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Normally when I hear about CDNs and how great they are, they're usually talking about serving a site's static content, like images, CSS, JS, and video.

But if CDNs are so great, why don't we run entire sites off of them, instead of just the static content?

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closed as not constructive by Greg Askew, Sven, Michael Hampton, Dave M, petrus Apr 4 '13 at 18:55

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They're "great" because they do one thing and do it well. Trying to do everything you end up with something that is not "great". –  Chris S Apr 4 '13 at 17:41
    
It's not a CDN per say but the equivalent of what you are describing would be to host your dynamic content in a cloud such as Amazon Web Services. –  Alex Apr 4 '13 at 18:11
    
@Alex There's not really anything special about "the cloud". It all runs on servers - you can make an AWS-alike system in your own datacenter, if you want. –  ceejayoz Apr 4 '13 at 18:49
    
@ceejayoz you sure can make your own cloud, you can also make your own CDN. My point was that, the equivalent of getting a third party CDN to distribute dynamic content is getting a third party to host such content in their cloud. –  Alex Apr 4 '13 at 19:04

3 Answers 3

up vote 6 down vote accepted

CDNs are configured to not allow dynamic content to run. You are paying them for bandwidth not for processing power. The reason for this is for security of their servers as if you could run ASP.NET or PHP you'd have access to a lot more of their systems than you have now. Also there's session state issues, etc.

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In addition to the security aspect, allowing you to run dynamic content would massively increase the amount of CPU resources needed. The servers used by CDNs typically have lots of memory and disk space, but not very powerful CPUs, since all they're doing is serving files. They would need a completely different machine configuration if they were to permit you to run code. –  Tom Marthenal Apr 6 '13 at 15:48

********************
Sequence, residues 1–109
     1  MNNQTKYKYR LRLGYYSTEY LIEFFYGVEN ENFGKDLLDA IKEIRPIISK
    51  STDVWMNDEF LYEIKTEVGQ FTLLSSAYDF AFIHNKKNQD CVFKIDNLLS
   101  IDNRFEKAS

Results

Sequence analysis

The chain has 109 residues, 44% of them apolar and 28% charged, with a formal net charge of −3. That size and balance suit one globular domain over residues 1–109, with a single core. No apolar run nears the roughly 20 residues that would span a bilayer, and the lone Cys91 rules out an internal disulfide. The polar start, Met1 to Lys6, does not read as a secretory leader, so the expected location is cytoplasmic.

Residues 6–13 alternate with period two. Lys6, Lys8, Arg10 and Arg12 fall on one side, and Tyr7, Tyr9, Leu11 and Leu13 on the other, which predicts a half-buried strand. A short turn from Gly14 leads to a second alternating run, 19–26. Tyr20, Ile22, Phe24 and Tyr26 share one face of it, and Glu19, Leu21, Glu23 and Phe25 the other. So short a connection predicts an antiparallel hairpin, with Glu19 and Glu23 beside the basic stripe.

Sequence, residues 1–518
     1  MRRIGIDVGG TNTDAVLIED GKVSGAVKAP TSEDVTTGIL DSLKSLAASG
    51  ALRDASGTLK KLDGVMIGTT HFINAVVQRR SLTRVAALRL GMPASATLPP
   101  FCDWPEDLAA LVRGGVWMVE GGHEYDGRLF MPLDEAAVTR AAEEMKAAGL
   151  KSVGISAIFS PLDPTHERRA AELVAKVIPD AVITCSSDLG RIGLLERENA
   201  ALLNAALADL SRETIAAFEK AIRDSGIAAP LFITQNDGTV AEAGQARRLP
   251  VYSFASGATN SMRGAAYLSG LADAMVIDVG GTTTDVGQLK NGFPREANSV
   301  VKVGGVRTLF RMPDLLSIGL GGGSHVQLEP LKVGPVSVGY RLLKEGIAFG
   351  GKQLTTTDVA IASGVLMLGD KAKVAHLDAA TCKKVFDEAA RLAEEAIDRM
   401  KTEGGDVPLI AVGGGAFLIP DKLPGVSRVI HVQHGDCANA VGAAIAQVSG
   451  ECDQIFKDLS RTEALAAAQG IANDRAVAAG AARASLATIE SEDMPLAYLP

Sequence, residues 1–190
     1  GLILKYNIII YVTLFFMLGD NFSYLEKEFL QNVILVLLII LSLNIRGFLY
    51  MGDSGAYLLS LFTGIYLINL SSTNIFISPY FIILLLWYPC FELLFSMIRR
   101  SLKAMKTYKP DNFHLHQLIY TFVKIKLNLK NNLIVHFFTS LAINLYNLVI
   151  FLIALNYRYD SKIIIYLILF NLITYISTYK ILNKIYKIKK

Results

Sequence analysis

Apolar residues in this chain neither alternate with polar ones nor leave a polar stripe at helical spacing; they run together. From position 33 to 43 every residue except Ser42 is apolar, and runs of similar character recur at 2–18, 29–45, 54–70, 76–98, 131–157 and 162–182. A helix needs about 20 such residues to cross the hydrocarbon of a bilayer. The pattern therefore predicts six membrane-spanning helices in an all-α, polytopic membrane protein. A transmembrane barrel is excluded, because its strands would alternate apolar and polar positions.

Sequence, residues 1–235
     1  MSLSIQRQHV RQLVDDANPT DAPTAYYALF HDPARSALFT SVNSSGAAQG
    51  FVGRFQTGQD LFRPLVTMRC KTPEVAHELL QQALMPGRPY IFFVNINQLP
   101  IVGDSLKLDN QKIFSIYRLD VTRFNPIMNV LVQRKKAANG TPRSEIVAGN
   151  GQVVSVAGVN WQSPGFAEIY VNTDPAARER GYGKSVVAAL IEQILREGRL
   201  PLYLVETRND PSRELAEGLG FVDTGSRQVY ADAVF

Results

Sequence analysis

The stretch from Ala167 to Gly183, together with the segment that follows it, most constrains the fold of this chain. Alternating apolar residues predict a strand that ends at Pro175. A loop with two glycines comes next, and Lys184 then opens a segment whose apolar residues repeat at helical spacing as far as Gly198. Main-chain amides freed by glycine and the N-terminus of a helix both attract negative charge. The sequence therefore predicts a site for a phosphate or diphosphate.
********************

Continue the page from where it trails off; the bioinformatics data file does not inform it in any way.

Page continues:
CDNs are can't generate dynamic content, they only fetch stuff from an origin, cache it, and deliver it from local edges.

Many people do put their entire site behind a CDN and have it cache pages. For example etsy.com caches their homepage for non-logged in users. However, once a user logs in, there is a requirement to show that username, which requires dynamic content and there for still must go to the origin.

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It's entirely possible, and it's been done before.

Here's a writeup from NPR on how they host high-load sites off S3/CloudFront and use a server instance just to push new data to it.

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Those are still semi-static sites... I suppose most websites are, but calling it "dynamic" would make my skin crawl. –  Chris S Apr 4 '13 at 17:42
    
Semi-static, yes. For something like a forum, an approach like CloudFlare is more likely. –  ceejayoz Apr 4 '13 at 17:43

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